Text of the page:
DOL made the announcement that its proposed rulemaking under its Conflict of Interest Rule would be delayed under a change to its regulatory agenda.
Labor Secretary Thomas Perez told a Senate Appropriations subcommittee in mid-April that the redrafting of the fiduciary proposal “has been slowed down at my direction significantly because we wanted to take a step back [to] listen and learn from everyone.”
Perez noted, “We’ve been engaged in a significant amount of outreach, and I’ve met with a number of senators and congressmen on both sides of the aisle, and we’re going to continue to do that.”
Phyllis Borzi, assistant secretary of labor for DOL’s Employee Benefits Security Administration, said in mid-March that release of a fiduciary redraft could come sooner or later than the arbitrary August deadline that was in the original regulatory agenda.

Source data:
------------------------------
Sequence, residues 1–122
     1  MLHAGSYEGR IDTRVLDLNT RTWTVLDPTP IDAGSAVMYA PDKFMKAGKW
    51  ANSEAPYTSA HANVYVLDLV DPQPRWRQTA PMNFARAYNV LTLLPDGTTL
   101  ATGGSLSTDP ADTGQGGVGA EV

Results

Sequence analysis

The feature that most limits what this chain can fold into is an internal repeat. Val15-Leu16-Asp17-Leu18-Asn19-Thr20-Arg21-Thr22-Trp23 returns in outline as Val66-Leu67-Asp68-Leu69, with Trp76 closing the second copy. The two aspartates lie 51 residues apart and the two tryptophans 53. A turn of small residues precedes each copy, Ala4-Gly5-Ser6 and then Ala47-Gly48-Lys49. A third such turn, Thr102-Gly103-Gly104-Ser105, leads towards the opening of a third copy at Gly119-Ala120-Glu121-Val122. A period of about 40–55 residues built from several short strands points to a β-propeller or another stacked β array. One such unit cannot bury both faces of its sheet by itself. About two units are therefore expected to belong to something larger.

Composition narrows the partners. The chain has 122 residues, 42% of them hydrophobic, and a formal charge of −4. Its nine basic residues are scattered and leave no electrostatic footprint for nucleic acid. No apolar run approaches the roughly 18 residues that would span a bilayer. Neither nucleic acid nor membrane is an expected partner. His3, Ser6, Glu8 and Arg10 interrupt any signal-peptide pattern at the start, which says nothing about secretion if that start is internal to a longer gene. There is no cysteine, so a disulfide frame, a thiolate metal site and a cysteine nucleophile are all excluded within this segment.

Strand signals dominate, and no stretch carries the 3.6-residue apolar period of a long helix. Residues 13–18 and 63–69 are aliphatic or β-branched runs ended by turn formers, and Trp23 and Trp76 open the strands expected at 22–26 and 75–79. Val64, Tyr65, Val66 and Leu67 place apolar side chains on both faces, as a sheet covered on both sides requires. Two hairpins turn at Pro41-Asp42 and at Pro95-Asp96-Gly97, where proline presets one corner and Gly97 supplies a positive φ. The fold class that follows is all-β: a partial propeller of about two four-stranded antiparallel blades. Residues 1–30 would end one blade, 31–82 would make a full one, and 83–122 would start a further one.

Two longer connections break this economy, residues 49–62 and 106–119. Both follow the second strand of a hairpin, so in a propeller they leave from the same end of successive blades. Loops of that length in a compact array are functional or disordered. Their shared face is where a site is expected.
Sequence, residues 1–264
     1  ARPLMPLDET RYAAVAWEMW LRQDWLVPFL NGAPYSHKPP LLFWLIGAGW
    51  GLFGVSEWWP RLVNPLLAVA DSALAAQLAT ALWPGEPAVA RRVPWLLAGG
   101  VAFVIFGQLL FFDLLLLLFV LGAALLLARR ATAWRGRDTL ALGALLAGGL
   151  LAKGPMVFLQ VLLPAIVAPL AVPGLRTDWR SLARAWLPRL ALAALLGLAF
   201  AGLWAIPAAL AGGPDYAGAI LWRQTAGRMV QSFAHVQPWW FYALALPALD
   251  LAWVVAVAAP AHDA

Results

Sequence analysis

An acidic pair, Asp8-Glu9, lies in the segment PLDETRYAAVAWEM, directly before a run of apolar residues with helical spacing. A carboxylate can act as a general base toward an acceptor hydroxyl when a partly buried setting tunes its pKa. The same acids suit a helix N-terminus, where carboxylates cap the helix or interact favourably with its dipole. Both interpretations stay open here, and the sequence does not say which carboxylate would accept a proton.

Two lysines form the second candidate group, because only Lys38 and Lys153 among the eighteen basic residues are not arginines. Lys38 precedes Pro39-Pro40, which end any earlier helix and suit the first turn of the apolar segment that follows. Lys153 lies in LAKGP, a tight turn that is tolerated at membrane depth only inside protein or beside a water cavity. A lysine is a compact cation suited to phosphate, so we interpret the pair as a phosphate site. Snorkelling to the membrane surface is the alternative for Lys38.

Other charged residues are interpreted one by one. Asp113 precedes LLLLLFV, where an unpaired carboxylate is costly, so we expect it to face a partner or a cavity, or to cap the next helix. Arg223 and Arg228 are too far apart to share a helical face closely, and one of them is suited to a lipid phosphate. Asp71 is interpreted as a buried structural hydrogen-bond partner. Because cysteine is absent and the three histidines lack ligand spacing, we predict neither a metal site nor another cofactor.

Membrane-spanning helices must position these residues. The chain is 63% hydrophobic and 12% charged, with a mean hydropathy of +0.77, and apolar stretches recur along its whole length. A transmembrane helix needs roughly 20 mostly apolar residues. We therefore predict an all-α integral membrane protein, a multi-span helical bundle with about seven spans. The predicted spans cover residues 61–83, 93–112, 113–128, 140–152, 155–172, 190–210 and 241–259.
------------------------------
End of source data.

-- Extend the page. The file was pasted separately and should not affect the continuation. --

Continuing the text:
Ken Bentsen, president and CEO of the Securities Industry and Financial Markets Association, said in reaction to the extended timeline: “From day one, this has been a troubled proposal by DOL that will harm the ability of everyday American investors and small business owners to save for retirement.”
While Bentsen said in the statement that the extended timeline “provides a temporary delay,” SIFMA believes that it is “the responsibility of the SEC to act,” to issue its own fiduciary rule under the authority provided to the agency by the Dodd-Frank Act, as “premature actions by the DOL, whether now or in January, could undermine the SEC’s work to improve upon the standard of conduct owed by broker-dealers and investment advisors to retail clients.”
Chris Paulitz, senior vice president of membership and marketing for the Financial Services Institute, said in reaction to the delay that FSI’s “main goal is that they [DOL] get the rule right, not get it out fast.”
FSI “remains eager to be helpful to the Department to ensure small investors can continue to have access to affordable, objective financial advice.”